TPS Food (AISA) is a consumer goods company with two divisions, Rice division and Food Manufacturing division. The Rice division sells branded rice under Ayam Jago and Maknyuss. Meanwhile, the Food Manufacturing division produces brands such as Bihunku, Ayam2Telor, Mie Kremezz, Taro, and other biscuits.
PT Indo Beras Unggul Scandal
At July 2017, PT IBU which is a subsidiary of Dunia Pangan (in which AISA owns 70% of) had its warehouse searched by police, as it was alleged that they sold subsidised rice at a premium price. AISA’s actions are a big problem for the government because of the government’s wishes to control the price of staples, one of which through subsidised rice.
It seems that the criminal investigation is not continued, which might be helped by the fact that one of AISA’s commissioner is a former Agriculture Minister.
However, AISA’s rice division suffered a huge impact on its reputation from this scandal. As we can see from AISA’s recent 9M17 Financial Statements, AISA’s rice division experienced a loss of Rp110B in the 3rd quarter of 2017 alone (looking from earnings attributable to the non-controlling interests, which represents the 30% stake in Dunia Pangan).
The Concern: Large amount of Debt
AISA currently has Rp4,404B in debt, which translated to Rp445B in interest expense annually. According to Note 33 in the financial statements, the Rice division incurs Rp153B in interest expense annually, with Rp59B p.a. for the Food Manufacturing Division, and Rp211B p.a. from corporate debt. With this much leverage, if AISA loses its earnings power, they might not be able to cover their interest expenses or earn a sufficient return on their equity.
Divestment of Rice Division
AISA’s plan to divest its Rice division has been approved by its shareholders. Next, it will need approval from its creditors.
The concerning fact is whether AISA will be able to divest its rice division and receive cash, which AISA desperately needs because it has around Rp900B worth of bonds and Sukuk Ijarah it needs to pay back by April 2018. Currently, there are rumours that it will be sold to an affiliate company PT Jom Prawarsa Indonesia (JOM), which is owned by AISA’s CEO Joko Mogianto. If this is the case, there will be further concerns over AISA’s liquidity and solvency. Currently, AISA has not received the cash that it is supposed to receive from the sale of its plantation division (GOLL) in 2016. The deadline of the payment was at 30 September 2016, and because until now it has not been paid yet, PT JOM incurred a 10.25% penalty rate p.a. The same might happen if AISA’s stake in Dunia Pangan is sold to PT JOM, where the transaction value will be on the receivables in the balance sheet, and AISA will need to address its debt through other means.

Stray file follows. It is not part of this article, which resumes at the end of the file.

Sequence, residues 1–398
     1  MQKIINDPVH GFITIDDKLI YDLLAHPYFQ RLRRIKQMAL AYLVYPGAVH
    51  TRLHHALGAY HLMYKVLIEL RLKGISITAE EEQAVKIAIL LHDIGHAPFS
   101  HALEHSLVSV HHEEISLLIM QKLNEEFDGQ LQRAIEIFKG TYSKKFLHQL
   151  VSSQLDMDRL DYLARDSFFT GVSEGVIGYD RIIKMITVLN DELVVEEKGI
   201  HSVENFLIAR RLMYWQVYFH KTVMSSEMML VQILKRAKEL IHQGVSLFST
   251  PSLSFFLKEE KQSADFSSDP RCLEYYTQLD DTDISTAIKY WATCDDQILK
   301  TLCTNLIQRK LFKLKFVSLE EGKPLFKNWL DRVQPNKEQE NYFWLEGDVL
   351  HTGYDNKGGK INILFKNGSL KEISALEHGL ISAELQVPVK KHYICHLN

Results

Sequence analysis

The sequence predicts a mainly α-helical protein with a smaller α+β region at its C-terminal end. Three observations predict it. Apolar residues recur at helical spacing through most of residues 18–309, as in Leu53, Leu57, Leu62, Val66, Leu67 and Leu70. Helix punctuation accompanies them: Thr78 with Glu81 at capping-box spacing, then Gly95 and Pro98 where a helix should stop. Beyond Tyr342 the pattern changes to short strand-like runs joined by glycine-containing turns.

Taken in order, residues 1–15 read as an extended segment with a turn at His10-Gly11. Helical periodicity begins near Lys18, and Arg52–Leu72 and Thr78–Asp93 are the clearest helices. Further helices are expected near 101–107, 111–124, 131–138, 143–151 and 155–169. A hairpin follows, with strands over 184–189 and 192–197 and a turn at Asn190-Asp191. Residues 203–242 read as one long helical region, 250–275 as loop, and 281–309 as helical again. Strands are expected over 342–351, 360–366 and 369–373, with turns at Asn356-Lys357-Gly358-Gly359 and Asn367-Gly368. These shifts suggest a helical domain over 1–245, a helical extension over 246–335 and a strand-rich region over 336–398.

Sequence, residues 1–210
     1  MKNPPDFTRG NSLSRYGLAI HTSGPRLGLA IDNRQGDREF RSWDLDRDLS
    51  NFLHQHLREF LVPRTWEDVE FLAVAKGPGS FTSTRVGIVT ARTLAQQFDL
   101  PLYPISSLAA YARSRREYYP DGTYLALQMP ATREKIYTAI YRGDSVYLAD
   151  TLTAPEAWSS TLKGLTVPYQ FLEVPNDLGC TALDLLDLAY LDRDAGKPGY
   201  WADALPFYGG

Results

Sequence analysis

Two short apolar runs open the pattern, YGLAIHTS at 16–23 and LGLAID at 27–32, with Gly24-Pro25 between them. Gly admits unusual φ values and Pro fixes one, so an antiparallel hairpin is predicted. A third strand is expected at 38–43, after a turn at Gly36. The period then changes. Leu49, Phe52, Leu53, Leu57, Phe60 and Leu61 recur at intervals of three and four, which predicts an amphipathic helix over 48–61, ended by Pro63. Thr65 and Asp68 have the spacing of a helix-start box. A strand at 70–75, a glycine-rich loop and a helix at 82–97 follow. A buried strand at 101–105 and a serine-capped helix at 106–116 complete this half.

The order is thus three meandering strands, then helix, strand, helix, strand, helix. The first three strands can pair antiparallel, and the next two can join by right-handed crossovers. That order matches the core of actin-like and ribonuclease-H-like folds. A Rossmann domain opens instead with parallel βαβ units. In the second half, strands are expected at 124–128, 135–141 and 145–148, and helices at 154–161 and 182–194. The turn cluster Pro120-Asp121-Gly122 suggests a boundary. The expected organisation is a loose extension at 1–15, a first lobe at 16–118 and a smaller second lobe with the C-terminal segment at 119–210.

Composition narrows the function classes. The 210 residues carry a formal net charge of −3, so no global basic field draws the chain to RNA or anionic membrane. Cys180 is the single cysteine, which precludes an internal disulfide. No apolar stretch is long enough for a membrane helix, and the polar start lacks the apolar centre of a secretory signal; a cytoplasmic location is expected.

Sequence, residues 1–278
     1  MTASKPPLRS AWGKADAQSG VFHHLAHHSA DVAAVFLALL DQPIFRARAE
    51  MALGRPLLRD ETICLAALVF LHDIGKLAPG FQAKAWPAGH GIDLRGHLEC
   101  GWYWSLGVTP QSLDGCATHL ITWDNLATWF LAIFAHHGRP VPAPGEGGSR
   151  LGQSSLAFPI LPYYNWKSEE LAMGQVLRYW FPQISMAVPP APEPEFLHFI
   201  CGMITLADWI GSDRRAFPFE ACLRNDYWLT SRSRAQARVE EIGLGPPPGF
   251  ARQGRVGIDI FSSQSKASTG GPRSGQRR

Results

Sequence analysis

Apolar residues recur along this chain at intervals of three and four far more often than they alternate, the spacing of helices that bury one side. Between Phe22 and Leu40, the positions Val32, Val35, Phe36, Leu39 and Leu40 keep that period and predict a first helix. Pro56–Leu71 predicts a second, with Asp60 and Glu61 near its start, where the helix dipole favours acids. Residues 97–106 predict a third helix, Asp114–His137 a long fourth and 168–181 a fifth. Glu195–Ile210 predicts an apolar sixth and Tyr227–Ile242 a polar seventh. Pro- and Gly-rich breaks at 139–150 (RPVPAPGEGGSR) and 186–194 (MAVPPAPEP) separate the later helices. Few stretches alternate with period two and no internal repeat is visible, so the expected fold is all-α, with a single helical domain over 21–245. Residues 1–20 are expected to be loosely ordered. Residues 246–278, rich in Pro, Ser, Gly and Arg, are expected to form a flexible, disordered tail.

How will AISA look after the divestment
10x PE Ratio: 1,540B = Rp477/share
15x PE Ratio: 2,310B = Rp715/share
- The above assumes that AISA retains its corporate debt, while the debt of the rice division goes away
- The above assumes that AISA does not get any cash from the sale of the rice division (i.e. equity of the rice division is sold for Rp0)
Best Case Scenario
In this case, AISA’s rice division is sold for an EV Rp3,500B (fair value of rice division stated in the news), and AISA receives Rp2,000B in cash. In this case, AISA will be able to pay back Rp2,000B in debt, which will result its interest expense to fall to Rp70B. In this case, Net Income will be Rp304B p.a.
10x PE Ratio = 3,040B = Rp941/share
15x PE Ratio = 4,560B = Rp1412/share
In my opinion, AISA’s rice division will not interest buyers given its poor economics (price is regulated by the government) and the fact that AISA’s brand is damaged by the PT IBU scandal. As a result, I believe the worst case scenario is more likely. AISA’s valuation will largely depend on whether there is a willing buyer for its rice division who can provide cash to solve its liquidity and solvency problems. While its food manufacturing division looks healthy with good margins, their inability to get cash might destroy AISA’s overall performance.
Given the high uncertainty, I believe AISA is more of a speculation rather than an investment (which should guarantee a safe return).